Dr. Knox went on to complete a family planning fellowship
where she could focus on reproductive health care. In the early nineties, only
one university offered such a fellowship. Now, approximately 20 medical schools
across the country offer family planning fellowships, which collectively
support 15-23 doctors per year. Some of the fellowship graduates become
providers, while others work in health policy.

The fellowship program offers Dr. Knox and other graduates
support and a sense of community, which their work environments often lack. The
challenges she faces at work are shared by most providers: increasing access
for as many women as possible; navigating office politics and colleagues who
disagree with legalized abortion; ensuring compliance with laws and
regulations; tuning out angry, shouting protestors on her way to work; and, of
course, looking out for her own safety.

Different challenges permeate her personal life. Every day
Dr. Knox negotiates how to discuss her job with family and close friends.
Providers often grapple with questions like, what will my family think if I become an abortion provider? Writer Patricia
Meisol discussed some of these more personal struggles in her November 2008 Washington Post piece, "A
Hard Choice
," which follows a medical student who is trying to figure out
whether she wants to become a provider.

Dr. Knox’s own journey has led to revelations within her
family. When she told her family that she would specialize in reproductive
health care, she learned for the first time that her mother, a conservative
Southern woman, is pro-choice.

Dr. Knox’s husband first balked at her interest in being a
provider, but has since become a source of great support. When they first
discussed it, she printed out facts from the Guttmacher Institute’s website
about the lack of providers. He was shocked to read the statistics. While he
still felt concerned about his wife taking this on professionally, primarily
for safety concerns, he began to understand her passion for the issue.

Her husband, a businessman and a fellow Southerner,
relocated with Dr. Knox when she accepted her family planning fellowship, and
the two continued to discuss the implications her career decision could have on
their lives. "The conversation evolved over the course of a year with a lot of
questions about how this would affect our family and our careers."

"Many of our questions still remain unanswered," she says,
but it is clear that she and her husband are in this journey together.

They both still feel concerned about her safety. "If my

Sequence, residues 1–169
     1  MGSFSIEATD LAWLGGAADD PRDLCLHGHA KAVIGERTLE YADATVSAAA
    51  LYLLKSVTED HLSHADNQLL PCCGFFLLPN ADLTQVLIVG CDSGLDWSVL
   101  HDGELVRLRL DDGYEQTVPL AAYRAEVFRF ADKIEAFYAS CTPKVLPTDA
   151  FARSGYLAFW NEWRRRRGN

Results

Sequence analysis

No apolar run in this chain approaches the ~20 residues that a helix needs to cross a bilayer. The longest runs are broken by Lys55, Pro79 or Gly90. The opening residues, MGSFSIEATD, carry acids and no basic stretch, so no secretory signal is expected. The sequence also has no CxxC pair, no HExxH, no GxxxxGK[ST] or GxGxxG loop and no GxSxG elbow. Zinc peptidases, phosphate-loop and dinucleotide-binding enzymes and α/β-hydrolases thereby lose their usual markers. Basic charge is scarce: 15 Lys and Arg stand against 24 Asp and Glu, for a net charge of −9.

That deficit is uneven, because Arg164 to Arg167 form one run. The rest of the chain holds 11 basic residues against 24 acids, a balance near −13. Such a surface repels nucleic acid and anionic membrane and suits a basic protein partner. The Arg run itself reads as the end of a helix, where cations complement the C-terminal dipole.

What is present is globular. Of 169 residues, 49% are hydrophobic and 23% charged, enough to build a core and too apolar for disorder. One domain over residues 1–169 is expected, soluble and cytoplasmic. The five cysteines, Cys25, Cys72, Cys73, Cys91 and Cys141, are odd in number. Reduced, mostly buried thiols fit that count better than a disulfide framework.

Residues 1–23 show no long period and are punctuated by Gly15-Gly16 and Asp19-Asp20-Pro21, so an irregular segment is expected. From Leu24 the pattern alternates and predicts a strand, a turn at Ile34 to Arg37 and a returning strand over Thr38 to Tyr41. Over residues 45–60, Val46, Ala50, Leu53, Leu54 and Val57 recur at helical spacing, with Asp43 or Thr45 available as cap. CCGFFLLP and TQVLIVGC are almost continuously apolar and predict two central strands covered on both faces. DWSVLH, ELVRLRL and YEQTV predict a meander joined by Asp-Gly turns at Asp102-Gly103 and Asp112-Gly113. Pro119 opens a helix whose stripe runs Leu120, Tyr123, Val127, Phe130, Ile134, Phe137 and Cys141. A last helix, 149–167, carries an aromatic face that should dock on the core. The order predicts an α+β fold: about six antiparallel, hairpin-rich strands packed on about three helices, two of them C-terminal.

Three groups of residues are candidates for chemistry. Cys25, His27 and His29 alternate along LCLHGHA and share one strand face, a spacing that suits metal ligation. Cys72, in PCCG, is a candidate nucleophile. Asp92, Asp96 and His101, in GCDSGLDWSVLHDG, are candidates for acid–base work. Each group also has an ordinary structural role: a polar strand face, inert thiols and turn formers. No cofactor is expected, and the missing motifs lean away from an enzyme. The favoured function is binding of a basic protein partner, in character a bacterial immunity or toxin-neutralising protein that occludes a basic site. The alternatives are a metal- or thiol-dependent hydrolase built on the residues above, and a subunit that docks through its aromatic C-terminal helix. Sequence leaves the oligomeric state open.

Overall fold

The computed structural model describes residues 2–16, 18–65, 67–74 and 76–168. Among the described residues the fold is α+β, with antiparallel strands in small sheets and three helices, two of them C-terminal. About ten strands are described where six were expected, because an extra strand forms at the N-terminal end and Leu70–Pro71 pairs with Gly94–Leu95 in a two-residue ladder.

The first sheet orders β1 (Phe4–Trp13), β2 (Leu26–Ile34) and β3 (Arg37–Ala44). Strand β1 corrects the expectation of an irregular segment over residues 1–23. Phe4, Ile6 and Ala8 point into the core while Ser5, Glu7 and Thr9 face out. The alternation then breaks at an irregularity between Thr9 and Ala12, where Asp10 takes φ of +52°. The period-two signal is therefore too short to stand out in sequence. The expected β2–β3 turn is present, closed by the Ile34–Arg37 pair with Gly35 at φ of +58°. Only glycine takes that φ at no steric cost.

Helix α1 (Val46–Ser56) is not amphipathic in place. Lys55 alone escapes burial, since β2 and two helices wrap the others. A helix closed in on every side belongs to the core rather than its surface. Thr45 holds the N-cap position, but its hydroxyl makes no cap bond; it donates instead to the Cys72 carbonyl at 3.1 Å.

safety was ever in jeopardy, we’d be back to square one in our conversation,
deciding whether we can really do this," she says.

Her husband’s support is particularly important given that
Dr. Knox often feels she cannot discuss her work with some family members or
close childhood friends who disagree with her. "I used to think I needed to
spread the gospel with everyone. Now, I think it would create an unnecessary
divide that would not further the cause at all."

So, she reserves the gospel for her job, and to good effect.
While legislators and activists can change policies and the political climate,
the power to actually provide comprehensive reproductive health care lies in
the hands of medical professionals like Dr. Knox who choose not to be deterred
by fear.

"When we know something is important enough, we can’t wait
for others to do it," she says. "We have to do it ourselves."

*The provider’s name
has been altered to protect her privacy.

News Politics

Missouri ‘Witch Hunt Hearings’ Modeled on Anti-Choice Congressional Crusade

Christine Grimaldi

Missouri state Rep. Stacey Newman (D) said the Missouri General Assembly's "witch hunt hearings" were "closely modeled" on those in the U.S. Congress. Specifically, she drew parallels between Republicans' special investigative bodies—the U.S. House of Representatives’ Select Investigative Panel on Infant Lives and the Missouri Senate’s Committee on the Sanctity of Life.

Congressional Republicans are responsible for perpetuating widely discredited and often inflammatory allegations about fetal tissue and abortion care practices for a year and counting. Their actions may have charted the course for at least one Republican-controlled state legislature to advance an anti-choice agenda based on a fabricated market in aborted “baby body parts.”

“They say that a lot in Missouri,” state Rep. Stacey Newman (D) told Rewire in an interview at the Democratic National Convention last month.

Newman is a longtime abortion rights advocate who proposed legislation that would subject firearms purchases to the same types of restrictions, including mandatory waiting periods, as abortion care.

Newman said the Missouri General Assembly’s “witch hunt hearings” were “closely modeled” on those in the U.S. Congress. Specifically, she drew parallels between Republicans’ special investigative bodies—the U.S. House of Representatives’ Select Investigative Panel on Infant Lives and the Missouri Senate’s Committee on the Sanctity of Life. Both formed last year in response to videos from the anti-choice front group the Center for Medical Progress (CMP) accusing Planned Parenthood of profiting from fetal tissue donations. Both released reports last month condemning the reproductive health-care provider even though Missouri’s attorney general, among officials in 13 states to date, and three congressional investigations all previously found no evidence of wrongdoing.